Hollywood Rewind | Little Women: Accessible and true to the source

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I remember reading Louisa May Alcott’s Little Women as an adolescent and seeing myself in one of its primary characters, Jo March. Jo wanted to be a writer. She was what you call a tomboy, and she didn’t care about pleasing the audience by being graceful and ladylike. Years later, I chanced upon the 1994 film Little Women, starring Susan Sarandon, Winona Ryder and Christian Bale among others. Here was a film that had done justice to not only Alcott’s words, but to the true spirit of the story and its main characters.

The period drama felt real and true to the times it was based in. The world director Gillian Armstrong had brought to celluloid felt lived in. This is a thing that cannot be said of many period/costume dramas. But then is the Armstrong movie a better adaptation than Greta Gerwig’s Oscar-nominated 2019 feature? Is it the best adaptation ever, considering there have been five? I can’t say because I have watched only two of the adaptations.

If one really had to compare, let’s take the 1994 movie and 2019’s Little Women. And let’s focus on one of the main parts of the narrative — the Jo-Laurie relationship. The 2019 movie shows a relationship that is more sombre and mature. But the 1994 version really captures the essence of Jo and Laurie’s friendship. The innocence of forming such a bond in the youth, its impact, that feeling of first love and its heartbreak. Very novel-like and true to Alcott’s book. Whereas in Gerwig’s narrative, both Jo and Laurie are shown as evolved creatures, even for their tender age. Gerwig empowers them, and therefore they seem more adult-like than adults themselves.

Hollywood Rewind: Face-off | Pulp Fiction | Crouching Tiger, Hidden Dragon | The Age of Innocence | Mean Girls | Die Hard | Never Been Kissed | Citizen Kane | Kill Bill Volume I | Terminator 2 Judgment Day | Titanic | Heat | Home Alone | Jerry Maguire | Brief Encounter | The Truman Show | The Deer Hunter | The Shining | Clueless | Ferris Bueller’s Day Off | Blue Velvet | Taxi Driver | The Lord of the Rings I | Zero Dark Thirty | The Godfather | Say Anything | Warm Bodies | Bright Star | Malcolm X | Stardust | Red Eye | Notting Hill | Fargo | The Virgin Suicides | The Breakfast Club | Enchanted | Walk the Line | Blood Diamond | Harry Potter and the Prisoner of Azkaban | Mortal Kombat | Bridges of Madison County | Edward Scissorhands | Breakfast at Tiffany’s | She’s Gotta Have It | Ever After | The Devil Wears Prada | The Matrix | Creed | Mulan | Ratatouille | Shutter Island | Her | Dead Poets Society | Sleepless in Seattle | Waitress | Pride and Prejudice | The Dark Knight | Before Sunset | School of Rock | About a Boy | A Few Good Men | 50/50 | Begin Again | Brooklyn | Drive | Chocolat | Batman Begins | 10 Things I Hate About You | The Departed | Freedom Writers | Pretty Woman | Dan in Real Life | Jurassic Park | Tangled | Meet Joe Black | Monster’s Ball | Eternal Sunshine of the Spotless Mind | You’ve Got Mail | Half Nelson | Fight Club | Doubt | American Psycho | Julie and Julia | Forrest Gump | The Silence of the Lambs | Finding Neverland | Roman Holiday| American History X | Tropic Thunder | Before Sunrise | Scent of a Woman | Finding Forrester | Sixteen Candles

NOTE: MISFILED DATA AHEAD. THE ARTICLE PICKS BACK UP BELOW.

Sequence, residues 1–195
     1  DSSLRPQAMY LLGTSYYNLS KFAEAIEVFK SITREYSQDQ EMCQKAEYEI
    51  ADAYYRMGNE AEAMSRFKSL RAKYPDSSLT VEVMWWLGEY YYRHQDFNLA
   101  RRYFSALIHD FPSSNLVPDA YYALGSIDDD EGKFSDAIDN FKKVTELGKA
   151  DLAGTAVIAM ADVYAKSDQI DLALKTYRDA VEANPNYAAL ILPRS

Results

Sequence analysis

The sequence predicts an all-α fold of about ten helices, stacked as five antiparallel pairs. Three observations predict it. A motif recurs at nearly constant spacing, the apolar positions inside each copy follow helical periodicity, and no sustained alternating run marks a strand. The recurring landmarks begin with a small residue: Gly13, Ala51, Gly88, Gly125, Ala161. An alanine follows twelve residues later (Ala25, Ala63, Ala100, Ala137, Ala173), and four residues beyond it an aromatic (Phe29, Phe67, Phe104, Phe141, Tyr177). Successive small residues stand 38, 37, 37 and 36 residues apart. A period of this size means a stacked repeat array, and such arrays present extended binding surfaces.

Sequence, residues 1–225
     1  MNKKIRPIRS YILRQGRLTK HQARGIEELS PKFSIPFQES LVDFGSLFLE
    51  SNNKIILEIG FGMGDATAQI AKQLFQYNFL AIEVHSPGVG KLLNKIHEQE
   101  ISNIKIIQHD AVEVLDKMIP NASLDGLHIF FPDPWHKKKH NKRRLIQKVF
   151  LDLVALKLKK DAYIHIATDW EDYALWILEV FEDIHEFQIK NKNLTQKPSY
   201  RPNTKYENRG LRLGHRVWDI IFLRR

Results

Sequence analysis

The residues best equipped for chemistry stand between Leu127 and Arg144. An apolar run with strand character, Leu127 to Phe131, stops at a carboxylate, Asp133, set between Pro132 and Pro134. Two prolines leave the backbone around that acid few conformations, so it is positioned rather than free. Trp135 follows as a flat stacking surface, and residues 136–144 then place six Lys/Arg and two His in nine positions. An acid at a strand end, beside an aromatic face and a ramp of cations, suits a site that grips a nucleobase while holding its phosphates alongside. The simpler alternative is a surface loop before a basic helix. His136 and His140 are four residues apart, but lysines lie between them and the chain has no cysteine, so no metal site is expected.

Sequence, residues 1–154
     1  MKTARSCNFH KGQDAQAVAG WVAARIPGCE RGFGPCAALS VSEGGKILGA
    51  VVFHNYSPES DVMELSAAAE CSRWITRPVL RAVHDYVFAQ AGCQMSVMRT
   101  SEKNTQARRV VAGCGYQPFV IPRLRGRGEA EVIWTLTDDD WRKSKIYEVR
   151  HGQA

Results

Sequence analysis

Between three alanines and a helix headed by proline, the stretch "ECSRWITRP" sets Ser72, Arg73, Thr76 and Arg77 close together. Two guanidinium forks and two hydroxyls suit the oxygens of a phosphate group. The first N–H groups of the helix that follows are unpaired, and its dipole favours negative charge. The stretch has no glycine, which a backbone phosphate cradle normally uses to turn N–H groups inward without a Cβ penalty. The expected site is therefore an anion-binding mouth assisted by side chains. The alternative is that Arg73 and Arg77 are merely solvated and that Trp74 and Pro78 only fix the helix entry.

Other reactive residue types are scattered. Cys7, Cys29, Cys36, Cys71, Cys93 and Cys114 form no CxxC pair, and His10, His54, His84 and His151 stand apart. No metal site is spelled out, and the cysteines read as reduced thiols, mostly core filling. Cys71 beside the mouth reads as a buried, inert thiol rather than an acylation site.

But credit where credit is due. It was Gillian Armstrong’s film that broke the barrier for Little Women, a movie to be consumed only by females. The story had always had a universal appeal, but Armstrong definitely made it more commercially accessible. Its treatment was not from a female gaze or male gaze. It was from a storyteller’s gaze. That helped the movie become quite popular among the masses. And the proof lies in its box office numbers. Little Women was not only celebrated by critics, but made a considerable profit at the box office as well (50 million dollars against an 18 million dollar budget).

Little Women is currently streaming on Netflix.

This article is auto-generated by Algorithm Source: indianexpress.com

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